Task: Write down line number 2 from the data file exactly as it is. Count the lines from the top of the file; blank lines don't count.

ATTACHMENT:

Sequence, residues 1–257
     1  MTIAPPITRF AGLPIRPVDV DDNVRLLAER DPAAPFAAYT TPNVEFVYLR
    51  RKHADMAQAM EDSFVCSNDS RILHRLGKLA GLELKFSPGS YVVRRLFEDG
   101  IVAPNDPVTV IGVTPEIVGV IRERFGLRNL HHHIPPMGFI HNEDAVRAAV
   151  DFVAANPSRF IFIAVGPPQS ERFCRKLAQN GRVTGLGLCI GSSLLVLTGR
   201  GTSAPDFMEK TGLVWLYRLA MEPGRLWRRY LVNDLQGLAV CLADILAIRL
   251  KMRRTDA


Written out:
     1  MTIAPPITRF AGLPIRPVDV DDNVRLLAER DPAAPFAAYT TPNVEFVYLR